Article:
Social Behavior Tests

Several customized behavioral tests are offered to phenotype mouse and rat models and evaluate effects of compounds in different in vivo models.

New behavioral tests are continuously developed and validated.

Autogrooming Test
Grooming is a normal behavior of healthy mice to clean themselves. It can be distinguished between social grooming (grooming of another mouse) and autogrooming (self grooming). In socially disturbed animals, autogrooming can be strongly increased. This behavior can mostly be observed when animals are housed separately.
For this test, animals are therefore housed separately for three days. On the 4th day, animals are placed in the open field box and after a habituation phase of 10 minutes, animals are filmed for another 10 minutes. It is measured, how much time animals spent autogrooming within this 10 minutes.

Autogrooming behavior of BTBR mice. Total duration of grooming during 10 minutes of observation. BTBR: n = 12; WT: n = 12 (males only). Mean + SEM; unpaired t-test. **p<0.01.
The Reeperbahn Test

The Reeperbahn Test is a spatial learning paradigm in which male rodents have to learn the location of a female in a dry-land apparatus.

Males can freely explore the arena during learning. In the recall sessions, males are placed back in the same environment while females are absent. During the whole test, animals receive no rewards or punishments. In addition to automated behavior measurements like total locomotion activity, index of learning and recall, also the ultrasound vocalization of males and ultraviolet urine mark measurements can be performed.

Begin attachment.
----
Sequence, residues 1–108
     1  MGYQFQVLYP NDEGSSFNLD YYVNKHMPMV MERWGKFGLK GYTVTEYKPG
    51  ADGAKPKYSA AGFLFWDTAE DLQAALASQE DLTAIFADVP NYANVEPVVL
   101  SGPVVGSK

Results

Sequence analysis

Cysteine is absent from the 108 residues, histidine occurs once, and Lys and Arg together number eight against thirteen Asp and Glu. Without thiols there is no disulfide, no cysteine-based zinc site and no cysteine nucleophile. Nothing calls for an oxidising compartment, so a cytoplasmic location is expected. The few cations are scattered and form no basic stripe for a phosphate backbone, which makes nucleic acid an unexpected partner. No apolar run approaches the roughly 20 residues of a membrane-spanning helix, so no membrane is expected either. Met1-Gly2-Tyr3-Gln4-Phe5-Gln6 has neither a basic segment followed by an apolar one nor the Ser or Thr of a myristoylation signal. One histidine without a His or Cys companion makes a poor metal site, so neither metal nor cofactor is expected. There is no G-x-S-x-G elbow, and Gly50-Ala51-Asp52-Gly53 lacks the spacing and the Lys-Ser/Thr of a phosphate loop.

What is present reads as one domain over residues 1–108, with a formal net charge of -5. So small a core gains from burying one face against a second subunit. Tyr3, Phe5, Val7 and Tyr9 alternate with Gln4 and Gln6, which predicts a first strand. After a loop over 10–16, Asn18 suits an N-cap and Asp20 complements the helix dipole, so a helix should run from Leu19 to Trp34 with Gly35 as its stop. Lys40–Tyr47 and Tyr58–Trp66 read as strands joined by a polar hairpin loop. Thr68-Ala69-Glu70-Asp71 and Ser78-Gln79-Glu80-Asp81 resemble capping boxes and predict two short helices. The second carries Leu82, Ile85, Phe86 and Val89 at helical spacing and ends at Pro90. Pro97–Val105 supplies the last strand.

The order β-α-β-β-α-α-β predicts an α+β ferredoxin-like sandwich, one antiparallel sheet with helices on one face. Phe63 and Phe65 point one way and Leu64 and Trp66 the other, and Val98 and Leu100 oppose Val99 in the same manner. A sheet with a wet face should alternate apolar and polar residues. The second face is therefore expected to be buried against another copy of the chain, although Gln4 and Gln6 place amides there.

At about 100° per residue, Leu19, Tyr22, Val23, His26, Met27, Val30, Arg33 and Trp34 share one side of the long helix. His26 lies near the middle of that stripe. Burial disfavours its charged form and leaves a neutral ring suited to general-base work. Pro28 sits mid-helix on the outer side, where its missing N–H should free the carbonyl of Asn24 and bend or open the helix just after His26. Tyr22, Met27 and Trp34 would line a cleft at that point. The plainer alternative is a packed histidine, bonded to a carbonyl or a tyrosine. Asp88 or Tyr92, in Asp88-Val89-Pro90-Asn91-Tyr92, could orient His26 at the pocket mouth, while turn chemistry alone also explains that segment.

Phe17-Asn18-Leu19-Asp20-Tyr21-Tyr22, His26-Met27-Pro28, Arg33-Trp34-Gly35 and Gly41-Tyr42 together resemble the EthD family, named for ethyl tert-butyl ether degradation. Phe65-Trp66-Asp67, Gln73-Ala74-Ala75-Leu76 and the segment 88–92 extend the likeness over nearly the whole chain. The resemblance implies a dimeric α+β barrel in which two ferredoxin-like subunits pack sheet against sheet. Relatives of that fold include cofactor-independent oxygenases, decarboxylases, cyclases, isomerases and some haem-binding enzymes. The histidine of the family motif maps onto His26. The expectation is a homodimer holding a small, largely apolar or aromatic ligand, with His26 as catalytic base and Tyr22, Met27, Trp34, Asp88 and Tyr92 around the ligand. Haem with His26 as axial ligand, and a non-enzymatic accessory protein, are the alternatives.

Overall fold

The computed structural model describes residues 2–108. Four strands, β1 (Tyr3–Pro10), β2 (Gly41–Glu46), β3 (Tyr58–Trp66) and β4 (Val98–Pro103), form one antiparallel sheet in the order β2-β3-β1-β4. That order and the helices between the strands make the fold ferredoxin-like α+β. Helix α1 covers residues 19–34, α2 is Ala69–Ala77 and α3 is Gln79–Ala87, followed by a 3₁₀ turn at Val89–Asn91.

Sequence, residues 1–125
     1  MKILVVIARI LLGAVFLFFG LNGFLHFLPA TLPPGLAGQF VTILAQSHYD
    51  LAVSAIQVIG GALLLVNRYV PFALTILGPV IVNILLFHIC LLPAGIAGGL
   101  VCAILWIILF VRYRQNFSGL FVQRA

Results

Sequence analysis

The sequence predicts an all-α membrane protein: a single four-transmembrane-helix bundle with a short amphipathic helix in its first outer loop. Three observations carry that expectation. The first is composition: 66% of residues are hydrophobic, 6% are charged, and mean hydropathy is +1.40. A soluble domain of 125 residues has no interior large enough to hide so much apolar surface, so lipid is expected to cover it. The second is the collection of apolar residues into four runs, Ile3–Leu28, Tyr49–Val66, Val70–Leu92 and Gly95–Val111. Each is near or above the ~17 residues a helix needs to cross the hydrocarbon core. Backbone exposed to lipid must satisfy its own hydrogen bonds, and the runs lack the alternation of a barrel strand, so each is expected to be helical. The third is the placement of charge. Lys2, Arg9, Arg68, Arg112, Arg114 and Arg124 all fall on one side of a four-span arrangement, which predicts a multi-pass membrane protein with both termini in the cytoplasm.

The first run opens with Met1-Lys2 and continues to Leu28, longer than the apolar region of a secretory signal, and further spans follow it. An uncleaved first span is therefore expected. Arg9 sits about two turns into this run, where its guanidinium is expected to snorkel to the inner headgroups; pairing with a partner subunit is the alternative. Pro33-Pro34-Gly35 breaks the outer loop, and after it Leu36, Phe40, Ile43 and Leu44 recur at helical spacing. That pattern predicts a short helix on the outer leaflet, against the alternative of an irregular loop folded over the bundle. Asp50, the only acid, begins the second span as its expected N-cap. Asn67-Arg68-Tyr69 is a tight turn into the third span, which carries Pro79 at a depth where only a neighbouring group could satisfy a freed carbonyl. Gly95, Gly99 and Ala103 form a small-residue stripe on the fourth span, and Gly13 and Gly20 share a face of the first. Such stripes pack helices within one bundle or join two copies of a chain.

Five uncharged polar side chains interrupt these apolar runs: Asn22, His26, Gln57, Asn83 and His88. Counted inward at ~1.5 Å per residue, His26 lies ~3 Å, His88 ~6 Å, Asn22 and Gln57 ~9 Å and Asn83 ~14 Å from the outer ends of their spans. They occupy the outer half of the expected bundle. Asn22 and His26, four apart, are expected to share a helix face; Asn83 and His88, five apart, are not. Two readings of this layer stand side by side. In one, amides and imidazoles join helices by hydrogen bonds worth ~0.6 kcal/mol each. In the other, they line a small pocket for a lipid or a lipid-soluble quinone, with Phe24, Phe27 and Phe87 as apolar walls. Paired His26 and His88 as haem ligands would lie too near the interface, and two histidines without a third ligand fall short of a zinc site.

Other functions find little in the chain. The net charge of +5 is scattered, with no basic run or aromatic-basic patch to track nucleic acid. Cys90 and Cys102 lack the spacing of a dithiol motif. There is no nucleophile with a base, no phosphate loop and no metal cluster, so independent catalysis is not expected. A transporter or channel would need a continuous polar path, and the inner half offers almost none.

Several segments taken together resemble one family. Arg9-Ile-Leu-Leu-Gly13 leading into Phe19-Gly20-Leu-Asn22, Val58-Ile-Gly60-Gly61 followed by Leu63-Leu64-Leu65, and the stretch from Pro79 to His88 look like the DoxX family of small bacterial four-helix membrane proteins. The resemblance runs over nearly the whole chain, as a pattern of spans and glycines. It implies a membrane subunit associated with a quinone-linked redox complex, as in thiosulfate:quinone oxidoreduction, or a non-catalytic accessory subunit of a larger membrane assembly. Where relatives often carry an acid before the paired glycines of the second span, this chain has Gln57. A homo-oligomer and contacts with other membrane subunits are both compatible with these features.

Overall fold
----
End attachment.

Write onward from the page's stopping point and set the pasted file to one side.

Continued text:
Experimental set-up of the Reeperbahn test. Testing for learning and reversal learning is possible. Females are tested for estrus cycle before use.


Three Chamber Social Test
The three chamber social test analyzes social deficits and social recognition in rodents. The test uses the natural social behavior of rodents to prefer company over being alone.

The test apparatus consists of three chambers that are inter-connected. Social approach and social recognition can be measured.

Social Approach: A mouse is placed under a wire cage in the left chamber of the test apparatus. An empty wire cage is placed in the right chamber. The test animal is placed in the middle chamber and it is measured, how long the test mouse spends in each chamber or sniffs at each wire cage. The test is videotaped for 10 minutes. Animals can smell, see and hear each other but direct body contact is not possible. Healthy animals will explore each chamber, but will spend most of the time with the conspecific while socially disturbed mice will spend less time with the conspecific.

Social Recognition: After the social approach test, mice are immediately tested for social recognition. Therefore, the already known mouse stays in the left chamber and a new mouse is placed under the wire cage in the right chamber. The test mouse is again placed in the middle chamber and it is for 10 minutes measured how much time the animal spends in each chamber and spends sniffing at the already known or new mouse. Healthy mice will spend more time with the new conspecific due to novelty. Socially disturbed mice might not recognize the already known conspecific and spend therefore similar times in each chamber or the middle chamber.

Three chamber social interaction test of BTBR mice. Time spent sniffing in seconds at the unfamiliar mouse or the empty cup during social approach. BTBR: n = 15; ntg: ns = 14 (males only). Mean + SEM. t-test. *p<0.05; **p<0.01.